“Mornin,” the man from the sheriff’s department says, looking the three of us over. That he omits “good” seems like a folksy abbreviation, but also accurate.
“Morning,” he repeats. Now it sounds like he’s genuinely trying to help us know what part of the day it is.
“Now you folks see that sign over there?” he asks.
We look around. In daylight, we see the local flora for the first time. Bushes from a genus that’d hurt to fall in. The ground is clay or something. It looks, in the amazing way the country often can, to be another country. And there at the end of an extended finger appears, as if he’d conjured it with a spell, a sign that reads, “No Camping Within ½ Mile Of Road.”
The car headlights, as they’d circled the parking lot in the dark, had missed it. We turn back to the deputy, three postures, three facial expressions all expressing the same thing: Yes, now we see that sign over there.
We use our hands to make visors against the sun. We stay silent and yawn at the sheriff’s deputy. It becomes clear, after a few seconds, that all pauses seem like standoffs in the desert.
Mike is first to formulate a coherent defense: that we would have walked in a little farther if we’d seen the sign.
“How would we have seen it at night?” Mike asks.
Go Mike! I yell, silently, my face still.
Dan clears his throat to make a point. We all look at Dan.
Dan was just clearing his throat.
What we want to say is: “Tell you what. We slept in the wrong place. Your rules don’t make sense and I think your sun might be too close to the earth—how’s about we call it even and find a place that serves eggs. I don’t think it’s a stretch, Sir, to think you’re the kind of guy who likes his eggs.”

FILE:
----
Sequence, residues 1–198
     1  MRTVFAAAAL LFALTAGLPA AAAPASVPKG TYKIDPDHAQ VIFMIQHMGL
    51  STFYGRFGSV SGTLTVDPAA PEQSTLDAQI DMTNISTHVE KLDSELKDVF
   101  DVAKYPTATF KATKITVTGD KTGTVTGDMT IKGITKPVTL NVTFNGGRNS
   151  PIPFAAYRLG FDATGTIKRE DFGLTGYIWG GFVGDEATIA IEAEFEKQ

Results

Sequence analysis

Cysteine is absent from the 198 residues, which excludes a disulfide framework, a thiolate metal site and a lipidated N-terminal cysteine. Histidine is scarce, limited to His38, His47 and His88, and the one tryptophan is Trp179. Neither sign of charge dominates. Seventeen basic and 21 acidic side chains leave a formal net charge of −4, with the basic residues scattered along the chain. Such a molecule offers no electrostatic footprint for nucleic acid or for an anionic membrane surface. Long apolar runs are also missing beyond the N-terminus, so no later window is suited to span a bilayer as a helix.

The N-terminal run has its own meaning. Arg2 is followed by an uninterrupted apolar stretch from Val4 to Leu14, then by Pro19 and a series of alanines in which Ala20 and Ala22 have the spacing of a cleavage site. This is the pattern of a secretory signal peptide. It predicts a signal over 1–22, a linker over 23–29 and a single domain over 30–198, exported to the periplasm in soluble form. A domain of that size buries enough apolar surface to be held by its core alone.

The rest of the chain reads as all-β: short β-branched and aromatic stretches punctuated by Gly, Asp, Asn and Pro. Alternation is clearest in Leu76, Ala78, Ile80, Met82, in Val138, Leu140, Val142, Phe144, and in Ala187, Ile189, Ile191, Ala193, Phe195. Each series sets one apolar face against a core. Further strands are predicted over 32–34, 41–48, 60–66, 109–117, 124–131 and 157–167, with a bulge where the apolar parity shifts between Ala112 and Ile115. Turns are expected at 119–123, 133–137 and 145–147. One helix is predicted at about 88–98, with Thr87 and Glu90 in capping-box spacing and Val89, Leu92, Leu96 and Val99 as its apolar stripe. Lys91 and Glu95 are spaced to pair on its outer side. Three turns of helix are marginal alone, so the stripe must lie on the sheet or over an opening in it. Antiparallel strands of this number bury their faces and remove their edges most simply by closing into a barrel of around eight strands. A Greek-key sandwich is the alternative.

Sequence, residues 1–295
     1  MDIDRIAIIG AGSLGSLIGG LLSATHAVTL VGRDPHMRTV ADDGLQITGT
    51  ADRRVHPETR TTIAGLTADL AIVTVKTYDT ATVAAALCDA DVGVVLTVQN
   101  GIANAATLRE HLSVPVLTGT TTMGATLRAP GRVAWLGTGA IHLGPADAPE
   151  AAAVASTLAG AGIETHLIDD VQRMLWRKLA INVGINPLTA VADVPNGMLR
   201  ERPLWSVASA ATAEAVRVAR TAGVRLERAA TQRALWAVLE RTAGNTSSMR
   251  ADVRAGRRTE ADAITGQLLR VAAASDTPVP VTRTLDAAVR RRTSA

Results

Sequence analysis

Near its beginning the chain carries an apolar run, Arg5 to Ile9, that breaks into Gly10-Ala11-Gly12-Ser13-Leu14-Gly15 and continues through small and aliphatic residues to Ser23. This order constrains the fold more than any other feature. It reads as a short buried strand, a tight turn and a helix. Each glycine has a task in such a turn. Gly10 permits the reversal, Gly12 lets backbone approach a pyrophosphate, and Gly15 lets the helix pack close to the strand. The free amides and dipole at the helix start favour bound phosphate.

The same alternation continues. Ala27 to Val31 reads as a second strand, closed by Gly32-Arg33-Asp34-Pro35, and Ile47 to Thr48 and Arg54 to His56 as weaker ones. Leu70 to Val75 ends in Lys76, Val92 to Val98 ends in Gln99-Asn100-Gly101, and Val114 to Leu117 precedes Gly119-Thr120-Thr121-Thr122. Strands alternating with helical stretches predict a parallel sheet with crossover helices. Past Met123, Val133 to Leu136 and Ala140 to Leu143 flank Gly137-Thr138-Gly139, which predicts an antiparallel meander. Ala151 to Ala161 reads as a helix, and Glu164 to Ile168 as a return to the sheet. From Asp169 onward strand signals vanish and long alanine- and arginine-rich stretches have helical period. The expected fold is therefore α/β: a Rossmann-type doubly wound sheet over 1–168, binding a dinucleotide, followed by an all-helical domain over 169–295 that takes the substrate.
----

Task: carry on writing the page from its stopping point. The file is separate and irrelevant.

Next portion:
“Oh right,” the deputy says to Mike’s comment, mulling it over. This obvious logic seemed to make a little sense to him. He admits that it’d be tough, sure, to see that sign in the dark. The conversation gets friendlier. Somewhere in his neck muscles I think I see a nod. He says we’d probably made an honest mistake, and does some other minor ’sposin. But, anyway, just to be sure, he gives us each a $100 ticket.
The deputy tears off slips of paper and hands one carbon copy to each of us.
“I’m really sorry ’bout this,” the deputy says as he does something he has complete control over.
“A hundred dollars?” we say, a protest but also just to marvel objectively at the amount.
We don’t know yet that vagrancy is its own opposite, and means you stayed somewhere too long. A term for someone who moves from place to place given to someone when they don’t move fast enough. The world, in our experience, has been up till now more or less fine with us being wherever.
The officer heads to his car, drops the chassis an inch and after a few seconds shuts the door, a smooth, aligned crunching of a new car door when all the little mechanisms and catches still line up perfectly. It isn’t hard to see moral authority in his vehicle’s cleanliness. It looks like a new piece of electronics with the plastic protector just peeled off.